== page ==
An actual White House correspondent, Nicholas Johnston of Bloomberg, approached Johansson as the starlet chatted poolside with a few friends around 1:15 a.m. Could he please get a photo with her?


Morgan Freeman at the Bloomberg/Vanity Fair afterparty. (Andrew Harrer/Bloomberg)

"I'm sorry," she sighed. "It's too late."

It went like that, more or less, until after 3 a.m. Near the entrance, Katie Couric had kicked off her high-heel gold sandals and settled into a settee. We plopped down next to her, also shoeless. Her date, actor Morgan Freeman, came over and started giving her a foot massage.

And yes, readers, we got one, too, which was kind of sweet and random and had nothing to do with politics or journalism. But no, we didn't ask for a picture.


See also:

White House Correspondents' Dinner full coverage (photos, video, etc.)

'Healthy' relations on display at White House Correspondents' Association Dinner (photo gallery here)

White House Correspondents' Dinner: President Obama cracks wise

Jay Leno's routine at the White House Correspondents' Dinner

White House Correspondents Dinner: The parade of celebrities begins with the pre-parties. (Kim Kardashian? Did we know she was supposed to be here?)

Washington's own Super Bowl: The incredible party sprawl of the White House Correspondents' Dinner (A fashionable fly-in for Hollywood types who need a red carpet to be photographed on between Coachella and Cannes)

By The Reliable Source  |  May 2, 2010; 6:32 PM ET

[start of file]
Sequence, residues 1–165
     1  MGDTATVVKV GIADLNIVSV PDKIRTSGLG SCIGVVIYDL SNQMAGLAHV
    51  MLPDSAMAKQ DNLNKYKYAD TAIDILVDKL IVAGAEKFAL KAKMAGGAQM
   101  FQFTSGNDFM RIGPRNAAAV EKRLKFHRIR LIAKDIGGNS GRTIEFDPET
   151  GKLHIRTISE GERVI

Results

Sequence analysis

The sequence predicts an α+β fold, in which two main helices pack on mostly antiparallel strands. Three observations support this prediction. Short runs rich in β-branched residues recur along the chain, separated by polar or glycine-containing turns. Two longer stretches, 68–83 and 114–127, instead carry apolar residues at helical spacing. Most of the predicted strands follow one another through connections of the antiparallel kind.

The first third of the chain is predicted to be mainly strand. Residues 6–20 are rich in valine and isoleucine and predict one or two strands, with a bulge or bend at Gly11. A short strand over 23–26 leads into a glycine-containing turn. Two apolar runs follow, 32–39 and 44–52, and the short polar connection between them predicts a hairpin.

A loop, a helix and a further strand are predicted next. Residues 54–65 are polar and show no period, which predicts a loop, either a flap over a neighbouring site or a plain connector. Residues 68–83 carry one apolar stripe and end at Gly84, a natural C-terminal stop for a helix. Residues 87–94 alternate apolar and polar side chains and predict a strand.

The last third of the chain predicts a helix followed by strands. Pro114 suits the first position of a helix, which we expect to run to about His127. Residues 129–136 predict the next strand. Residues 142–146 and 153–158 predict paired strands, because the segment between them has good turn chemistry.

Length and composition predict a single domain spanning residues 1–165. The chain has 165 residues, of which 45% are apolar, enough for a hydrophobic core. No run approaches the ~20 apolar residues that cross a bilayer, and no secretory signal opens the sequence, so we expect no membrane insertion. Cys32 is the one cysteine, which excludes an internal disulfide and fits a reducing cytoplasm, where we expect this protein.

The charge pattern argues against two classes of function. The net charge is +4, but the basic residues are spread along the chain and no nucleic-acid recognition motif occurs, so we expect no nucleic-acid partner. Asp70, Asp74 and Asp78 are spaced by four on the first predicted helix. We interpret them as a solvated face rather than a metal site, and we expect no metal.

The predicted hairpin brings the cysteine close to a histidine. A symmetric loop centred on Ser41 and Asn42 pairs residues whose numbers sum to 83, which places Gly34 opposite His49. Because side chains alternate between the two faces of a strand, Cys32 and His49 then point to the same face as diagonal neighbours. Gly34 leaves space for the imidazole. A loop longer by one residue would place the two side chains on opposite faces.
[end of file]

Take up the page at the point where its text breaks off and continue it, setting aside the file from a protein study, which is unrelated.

Categories:  Parties , Politics , White House Correspondents' Association Dinner  
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Comments

In some ways these things were better when they were wonkier & fewer people paid attention to them.

Posted by: Nymous | May 2, 2010 9:41 PM | Report abuse

Ha. Yes, probably.

Posted by: The Reliable Source | May 2, 2010 9:57 PM | Report abuse

I dunno. It looks like the same old smattering of a few celebrities mingling with Washington correspondents.

The Democrats have somewhat of an edge, as they have more Hollywood connections than the Republicans.

It's difficult to believe that Jon Stewart wasn't there, as he loves the Democrats to the point of not being funny sometimes.

Posted by: postfan1 | May 3, 2010 3:38 AM | Report abuse

I liked it better when it was a prom for nerds. This one was silly. All the press coverage afterward is even sillier, crushing on celebrities. Is this what the Press is about thesedays? That is why I loved the President's slide show on Politico.

In my opinion, all those "celebrities" were not the heavyweight of filmdom, etc. Those who are serious enough to have something to say where absent, ie, George Clooney, Meryl Streep, etc. Lots of "cuties" and nothing else; a chance to strut on a phoney red carpet in a dressed up thing.

The awards for Journalism were incidental; would have been nice to have learned a little about them instead of a rushed, bungled 2 sentences and more awards to recognize anything good to have come from the Press this past year. A whopping $135,000 in scholarships is the best that crowd could come up with? Shameful and embarrassing.